Jean Chatzky, age 54, routinely pulls $200 out of the ATM over the weekend and uses it to pay for a trip to the Saturday farmer’s market, and for purchases under $20 for the rest of the week. Becca Cohen, 22, rarely has any cash in her wallet. Like the 50% of Americans who now use their cards for purchases under $5, according to an analysis by the Harvard Business Review, she uses plastic (or Venmo, or other apps) for pretty much everything.
So, we decided to flip the script. For one workweek, Becca would use only cash, and Jean wouldn’t touch the stuff. We weren’t sure if we would survive, but we’re happy to report we did — although not without a few snafus. Here are the highlights.
Jean: Monday, 7 a.m.: I was up before the alarm and worrying about … my nails. For the record, this is not a usual worry for me. Hair, yes. Nails, no. When I got engaged (the first time) the jeweler remarked I was the first woman to try on rings who didn’t cringe that she needed a manicure. And yet, I am worried. Why? Because if I were to go to my local nail salon for a manicure today I could pay for the service but not leave a tip, because you aren’t allowed to tip on the credit card. There are big signs to that effect posted in the salon, and an ATM in the corner that will conveniently allow you to take out cash for a tip if you don’t have it. Still, I need a manicure. I have a shoot tomorrow, and my hands will absolutely be in the pictures. I’ll let you know how it goes.
Becca: Monday 10 a.m.: I am often chastised by my parents and my grandmother, with whom I live, for never having cash with me. They’re sick of shelling out 5’s to me when I need to tip my manicurist or get an ice cream at the local cash-only ice cream shop. I don’t see the point in carrying around a big wallet to hold bills when I can pay for (almost) everything with my cards, which are much easier to carry in my compact silver card holder. Or better yet, with my iPhone, thanks to Apple Pay. To say the least, I am nervous for this week.
My friends, who always procrastinate, decided today at 10 a.m. that it was time to buy train tickets to College Park, Maryland, for our college homecoming weekend in November. I have admittedly been putting off the task, too, because, well, Amtrak is expensive. But, of course, today is the day they decided we have to book our seats so the prices don’t continue to rise. “Wait. I can’t book my ticket this week. I can only use cash this week for a work project,” I responded in my iMessage group. Here’s to hoping the prices stay cheap and the seats stay open until this is over!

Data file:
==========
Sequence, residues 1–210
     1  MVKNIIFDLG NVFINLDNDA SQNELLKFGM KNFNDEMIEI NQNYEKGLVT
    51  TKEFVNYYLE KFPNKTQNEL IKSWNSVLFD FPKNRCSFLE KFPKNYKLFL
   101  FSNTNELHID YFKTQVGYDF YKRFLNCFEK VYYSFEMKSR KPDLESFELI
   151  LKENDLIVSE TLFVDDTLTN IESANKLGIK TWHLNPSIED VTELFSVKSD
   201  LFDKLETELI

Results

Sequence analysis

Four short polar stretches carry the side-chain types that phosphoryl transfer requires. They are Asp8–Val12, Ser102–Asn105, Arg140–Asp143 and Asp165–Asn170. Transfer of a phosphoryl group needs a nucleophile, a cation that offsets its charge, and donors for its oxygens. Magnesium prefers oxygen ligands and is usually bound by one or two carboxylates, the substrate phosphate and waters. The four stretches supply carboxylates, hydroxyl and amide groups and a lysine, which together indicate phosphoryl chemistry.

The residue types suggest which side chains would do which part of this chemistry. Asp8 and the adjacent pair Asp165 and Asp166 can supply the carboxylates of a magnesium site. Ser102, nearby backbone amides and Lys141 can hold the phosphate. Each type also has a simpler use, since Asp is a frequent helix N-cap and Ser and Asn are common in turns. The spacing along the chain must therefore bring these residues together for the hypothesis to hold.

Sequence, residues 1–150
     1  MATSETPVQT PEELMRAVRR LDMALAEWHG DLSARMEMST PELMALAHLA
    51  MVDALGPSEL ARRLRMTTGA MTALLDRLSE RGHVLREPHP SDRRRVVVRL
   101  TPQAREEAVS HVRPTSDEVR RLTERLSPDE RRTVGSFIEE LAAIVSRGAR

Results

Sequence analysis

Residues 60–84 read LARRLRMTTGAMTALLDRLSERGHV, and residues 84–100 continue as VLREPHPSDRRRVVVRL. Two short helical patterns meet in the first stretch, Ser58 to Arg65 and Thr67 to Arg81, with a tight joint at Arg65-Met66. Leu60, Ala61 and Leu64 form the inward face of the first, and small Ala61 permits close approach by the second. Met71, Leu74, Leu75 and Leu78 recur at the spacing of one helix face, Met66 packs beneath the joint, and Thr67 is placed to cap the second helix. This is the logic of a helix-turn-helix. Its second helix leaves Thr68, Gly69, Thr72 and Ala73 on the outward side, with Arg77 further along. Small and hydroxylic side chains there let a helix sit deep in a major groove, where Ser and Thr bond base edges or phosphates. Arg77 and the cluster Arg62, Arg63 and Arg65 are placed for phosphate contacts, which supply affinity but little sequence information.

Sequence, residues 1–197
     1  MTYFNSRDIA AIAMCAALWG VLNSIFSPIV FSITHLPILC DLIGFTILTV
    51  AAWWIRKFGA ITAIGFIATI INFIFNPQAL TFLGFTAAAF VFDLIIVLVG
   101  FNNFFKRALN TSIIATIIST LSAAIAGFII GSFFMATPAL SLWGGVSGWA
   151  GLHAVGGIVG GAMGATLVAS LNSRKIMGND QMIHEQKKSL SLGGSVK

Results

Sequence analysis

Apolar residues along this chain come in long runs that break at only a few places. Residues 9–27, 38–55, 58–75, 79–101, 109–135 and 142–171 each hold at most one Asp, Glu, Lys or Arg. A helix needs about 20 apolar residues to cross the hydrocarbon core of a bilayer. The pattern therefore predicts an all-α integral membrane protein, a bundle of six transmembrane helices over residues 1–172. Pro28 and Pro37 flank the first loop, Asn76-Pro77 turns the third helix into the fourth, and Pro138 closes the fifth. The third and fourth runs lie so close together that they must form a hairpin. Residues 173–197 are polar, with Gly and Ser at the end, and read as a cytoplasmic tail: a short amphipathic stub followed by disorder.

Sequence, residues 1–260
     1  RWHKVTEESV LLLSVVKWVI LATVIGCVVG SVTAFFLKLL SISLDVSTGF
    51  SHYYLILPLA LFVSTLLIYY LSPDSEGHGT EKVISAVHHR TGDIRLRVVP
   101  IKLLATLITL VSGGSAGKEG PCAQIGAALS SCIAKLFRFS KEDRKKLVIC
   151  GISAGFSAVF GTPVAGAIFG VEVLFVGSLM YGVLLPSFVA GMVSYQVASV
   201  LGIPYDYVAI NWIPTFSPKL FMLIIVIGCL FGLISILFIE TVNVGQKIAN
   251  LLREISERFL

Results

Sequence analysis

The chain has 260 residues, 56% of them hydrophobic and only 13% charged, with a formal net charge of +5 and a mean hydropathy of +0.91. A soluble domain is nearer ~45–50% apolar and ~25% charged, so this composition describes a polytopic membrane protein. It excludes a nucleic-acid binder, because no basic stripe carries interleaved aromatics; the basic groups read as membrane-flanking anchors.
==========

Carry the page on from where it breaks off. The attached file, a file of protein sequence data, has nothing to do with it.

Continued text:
Jean: Monday 5:32 p.m. Oh, no! I’m feeling badly about giving you this assignment if it’s going to cost you a cheap train ticket. Can you make a reservation now and pay for it next week? (Just a suggestion.) Meanwhile, I spent most of the day home writing — i.e., not spending anything — but did get out for the aforementioned manicure a little after 4. I walked in and sheepishly lied that I only had a credit card so I’d need to tip on that. Despite the signs and policy, no one blinked. I felt bad, so I was more generous than usual.
Becca: Monday 6:45 p.m.: I’ve been feeling under the weather, so I decided to head over to the neighborhood urgent care to see what’s up with me. Normally, this wouldn’t be a concern, as I would always charge medical expenses, no problem. But, and here’s the catch, my family just switched medical insurance, so I had no idea what my quick visit would cost. Waiting to be called, I consulted my wallet. In my sickly haze, I didn’t think to head to the ATM beforehand and was left with $26 in cash to my name. Luckily, when I was finished, I only owed $25, but as there was no ATM in the office waiting room, I am still wondering what I would have done had I not been able to pay in full. And now I REALLY have to go to the ATM!
Jean: Tuesday 7:49 a.m. I am sitting on a train I wasn’t sure I would make. Long story short: I live in a community with a van to the train. It saves money on parking except those nights — like tonight — when I’ll be coming home later than the van runs. Then, I pay $9 in the daily lot that, you guessed it, only takes cash. So, I drove to a neighboring town. The spots in the lot I’ve used before where you can swipe your card and type in the number of your space were all gone. It took a while, and I could feel my pulse starting to rise, but I found a spot on the street. The instructions told me to download the pay-to-park app on my phone and use that. Ugh. I did not need this this morning. But I did as told, signed up for the service and entered a credit card number — only to learn that this app doesn’t take American Express. So I entered another card number and paid $14.25 for 800 minutes ( I may not need that much time, but you try converting hours into minutes when you’re in a panic)… Then I bolted to the train.
Becca: Wednesday: 11:00 a.m.: I managed to make it all of Tuesday without making any purchases, which, for me, was a huge win. I did, though, try to make a donation to a cause a friend was promoting, and didn’t realize I couldn’t do that until I was halfway done inputting my credit card information. Oops. I’ll get to it next week.